If you know me and you know how I react to sales representatives trying to sell me a pig in a poke, primary care repackaged and more expensive, you'll know I was not in favor of their proposal.

The second presenter to the Trustees was a pharmacist who firmly believes in biometric screening. She wanted the Kroger employed pharmacists to do onsite finger prick cholesterol and blood sugar testing at their stores and well as blood pressure monitoring. She also believed that the pharmacy could become more active in screening employees for flu using rapid tests and possibly following strict protocols by physicians, to dispense Tamiflu® if the tests were positive. She wants everyone to enjoy the benefits of immunizations and believes everyone should come to the pharmacy to let a pharmacist administer the inoculations. She strongly urged that people get the flu shot that has four strains of the flu virus in it instead of the currently used three strain version. By Tennessee State law, pharmacists are prohibited to make diagnosis and treat patients for disease. However, she stated that they can diagnose and treat if they have a physician who is overseeing their care and they adhere to strict medical protocols.

I pointed out that biometric screening, although well intentioned, does not prevent disease nor alter disease outcomes on a grand scale. This program really has nothing to offer, other than pharmacists wanting to crack the greater healthcare delivery door open to health practice activities. I think their (Clinical Pharmacists) ultimate goal is to get their licenses expanded similar to Family Nurse Practitioners. Every inch of freedom given to pharmacists to diagnose and treat disease is a step in the direction of affirming autonomous medical practice without going through a rigorous internship and residency of which medical physicians are mandated. Talk about putting the Rooster in the hen house.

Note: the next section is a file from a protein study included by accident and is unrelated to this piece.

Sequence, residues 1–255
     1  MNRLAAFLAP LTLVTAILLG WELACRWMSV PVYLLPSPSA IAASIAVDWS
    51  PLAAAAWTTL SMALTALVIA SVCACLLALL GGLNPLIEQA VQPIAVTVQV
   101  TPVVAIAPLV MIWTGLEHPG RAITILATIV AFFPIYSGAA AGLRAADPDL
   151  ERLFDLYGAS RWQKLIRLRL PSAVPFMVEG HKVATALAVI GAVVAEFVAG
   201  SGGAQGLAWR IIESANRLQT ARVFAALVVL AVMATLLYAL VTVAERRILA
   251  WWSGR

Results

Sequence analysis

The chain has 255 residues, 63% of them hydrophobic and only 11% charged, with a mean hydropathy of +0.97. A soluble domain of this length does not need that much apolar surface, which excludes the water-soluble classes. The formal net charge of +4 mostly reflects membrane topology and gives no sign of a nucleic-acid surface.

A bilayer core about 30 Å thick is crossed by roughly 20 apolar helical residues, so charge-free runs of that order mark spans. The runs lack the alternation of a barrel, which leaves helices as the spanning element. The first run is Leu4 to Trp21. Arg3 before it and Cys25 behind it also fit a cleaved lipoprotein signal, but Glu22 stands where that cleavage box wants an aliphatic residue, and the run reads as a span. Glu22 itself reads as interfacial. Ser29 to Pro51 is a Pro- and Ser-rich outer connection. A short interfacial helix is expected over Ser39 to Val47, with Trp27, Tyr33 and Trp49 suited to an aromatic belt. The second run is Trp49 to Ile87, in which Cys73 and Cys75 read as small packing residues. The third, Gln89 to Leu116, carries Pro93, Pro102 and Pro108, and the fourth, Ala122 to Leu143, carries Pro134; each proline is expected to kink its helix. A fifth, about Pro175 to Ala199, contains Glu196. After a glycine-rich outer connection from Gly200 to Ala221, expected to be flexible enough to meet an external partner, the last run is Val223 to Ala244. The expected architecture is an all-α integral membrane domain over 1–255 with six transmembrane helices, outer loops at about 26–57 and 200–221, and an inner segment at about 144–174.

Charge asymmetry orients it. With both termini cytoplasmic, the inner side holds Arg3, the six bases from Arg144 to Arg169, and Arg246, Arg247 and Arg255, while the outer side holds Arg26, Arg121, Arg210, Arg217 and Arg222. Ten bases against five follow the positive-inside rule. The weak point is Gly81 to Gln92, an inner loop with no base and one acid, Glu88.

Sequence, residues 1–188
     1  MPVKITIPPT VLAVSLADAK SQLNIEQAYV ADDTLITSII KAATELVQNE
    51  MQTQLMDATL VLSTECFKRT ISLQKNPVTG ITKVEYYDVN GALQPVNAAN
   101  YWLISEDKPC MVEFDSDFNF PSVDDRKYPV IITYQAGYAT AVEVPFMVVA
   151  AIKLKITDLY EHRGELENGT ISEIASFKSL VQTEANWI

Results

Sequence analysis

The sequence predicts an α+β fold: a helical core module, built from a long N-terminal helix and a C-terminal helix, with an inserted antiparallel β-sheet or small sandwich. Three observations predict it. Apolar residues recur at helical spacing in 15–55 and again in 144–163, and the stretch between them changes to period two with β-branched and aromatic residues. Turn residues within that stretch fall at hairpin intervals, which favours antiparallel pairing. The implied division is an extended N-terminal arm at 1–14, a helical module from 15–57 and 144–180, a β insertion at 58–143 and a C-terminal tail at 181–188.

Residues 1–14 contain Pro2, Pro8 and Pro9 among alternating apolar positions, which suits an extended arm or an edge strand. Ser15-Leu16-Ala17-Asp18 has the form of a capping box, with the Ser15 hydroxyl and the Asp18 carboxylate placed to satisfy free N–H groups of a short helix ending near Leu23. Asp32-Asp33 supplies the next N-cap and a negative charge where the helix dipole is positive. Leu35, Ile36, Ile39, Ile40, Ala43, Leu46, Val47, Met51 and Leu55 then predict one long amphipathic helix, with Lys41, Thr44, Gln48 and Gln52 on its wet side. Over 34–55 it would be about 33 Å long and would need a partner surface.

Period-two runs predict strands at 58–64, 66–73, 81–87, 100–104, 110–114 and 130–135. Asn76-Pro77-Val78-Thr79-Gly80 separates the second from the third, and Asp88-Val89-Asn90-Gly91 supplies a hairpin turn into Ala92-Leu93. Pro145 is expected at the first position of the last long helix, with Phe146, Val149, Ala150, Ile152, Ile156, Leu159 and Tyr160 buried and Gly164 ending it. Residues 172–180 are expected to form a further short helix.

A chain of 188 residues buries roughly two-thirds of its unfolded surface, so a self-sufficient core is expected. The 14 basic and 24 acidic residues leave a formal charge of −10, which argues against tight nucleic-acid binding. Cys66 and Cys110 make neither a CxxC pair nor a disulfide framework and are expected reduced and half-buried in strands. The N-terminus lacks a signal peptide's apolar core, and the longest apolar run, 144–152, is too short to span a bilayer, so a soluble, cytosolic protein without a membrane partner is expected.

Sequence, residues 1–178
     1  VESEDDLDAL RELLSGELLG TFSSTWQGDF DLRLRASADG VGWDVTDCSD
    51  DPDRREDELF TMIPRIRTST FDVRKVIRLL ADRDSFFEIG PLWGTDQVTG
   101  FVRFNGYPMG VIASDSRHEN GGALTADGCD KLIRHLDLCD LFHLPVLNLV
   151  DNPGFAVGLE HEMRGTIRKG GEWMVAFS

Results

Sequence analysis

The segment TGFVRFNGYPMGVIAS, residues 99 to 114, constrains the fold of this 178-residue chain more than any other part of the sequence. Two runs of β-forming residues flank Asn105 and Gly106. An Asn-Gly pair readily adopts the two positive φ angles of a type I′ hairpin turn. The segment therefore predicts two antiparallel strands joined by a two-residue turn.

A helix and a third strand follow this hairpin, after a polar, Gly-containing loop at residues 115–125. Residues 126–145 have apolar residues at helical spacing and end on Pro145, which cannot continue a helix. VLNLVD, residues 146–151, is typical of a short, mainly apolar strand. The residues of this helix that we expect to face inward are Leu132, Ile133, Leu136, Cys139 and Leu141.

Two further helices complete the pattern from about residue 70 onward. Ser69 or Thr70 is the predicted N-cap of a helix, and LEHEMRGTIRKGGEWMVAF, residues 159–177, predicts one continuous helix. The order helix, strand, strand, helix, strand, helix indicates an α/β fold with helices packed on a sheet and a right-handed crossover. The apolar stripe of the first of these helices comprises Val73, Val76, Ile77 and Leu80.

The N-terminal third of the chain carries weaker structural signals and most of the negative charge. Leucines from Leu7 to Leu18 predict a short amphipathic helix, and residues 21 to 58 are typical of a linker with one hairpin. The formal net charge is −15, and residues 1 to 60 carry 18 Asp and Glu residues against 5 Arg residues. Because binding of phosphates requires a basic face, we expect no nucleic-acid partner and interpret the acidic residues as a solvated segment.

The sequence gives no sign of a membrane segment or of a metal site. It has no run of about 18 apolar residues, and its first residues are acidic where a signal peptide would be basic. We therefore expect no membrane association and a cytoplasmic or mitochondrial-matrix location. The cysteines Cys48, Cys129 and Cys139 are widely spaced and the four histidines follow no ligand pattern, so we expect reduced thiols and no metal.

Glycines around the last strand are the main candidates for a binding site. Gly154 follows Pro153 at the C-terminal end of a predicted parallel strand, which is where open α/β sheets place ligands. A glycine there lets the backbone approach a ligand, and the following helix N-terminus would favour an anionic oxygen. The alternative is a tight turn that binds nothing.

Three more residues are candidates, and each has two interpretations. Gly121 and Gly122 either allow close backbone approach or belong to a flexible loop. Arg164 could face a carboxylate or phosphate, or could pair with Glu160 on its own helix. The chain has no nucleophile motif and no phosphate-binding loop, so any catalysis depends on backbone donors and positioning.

The third group of presenters were a subdivision of Cigna. There were four account reps, two females and two males. Their greatest focus points were to perform biometric screening on all of the Kroger employees, steer Kroger employees away from using the emergency department as their episodic clinic of choice and steer laboratory testing on their employees to their preferred providers Quest and LabCorp. Those two laboratories gave Cigna the greatest discounts on laboratory services.

There was a tremendous amount of discussion about the projected savings, but no hard data to back up their claims. As I picked apart their proposals, I asked them if they ever asked the flagged employees who abuse the emergency services why they had that behavior. They said no. I asked them if they had ever considered asking their physicians who are on their PPO to help them solve this problem, they said no. Before I could get the next question out of my mouth, one of the female Trustees interrupted me, spoke and essentially told me to shut my yap. The Cigna reps were very uncomfortable having a physician in the room with them. Those four account reps did not like physicians. And I did not like them. They believed strongly in the stick method of redirecting patient care (steerage) verses the carrot. The stick method for all of you who do not know what that means is a method that penalizes the patient harshly for using a non-preferred provider or laboratory. But their proposed carrot was extremely limited and their thoughts about implementing a stick or two were extremely harsh.

I have no idea what the Board of Trustees decided the following day in regard to which programs, if any, to consider or reject. Everyone went out to dinner together that evening except me; I was invited but I went back to the office to pick up where I left off that afternoon.

As I reflected on the proposals, I was greatly saddened by the fact that physician input has long been left out of each of these proposals. My profession has eroded into nothing more than skilled labor pool in the healthcare workforce. I don't know if physicians have abandoned their administrative responsibilities to their patients or that the healthcare industry in general has pushed them to the curb. The first proposal, the one where physicians take a bit more time with each visit, is totally funded by Kroger and it is not related to an insurance program what-so-ever. It gets the middle man out altogether.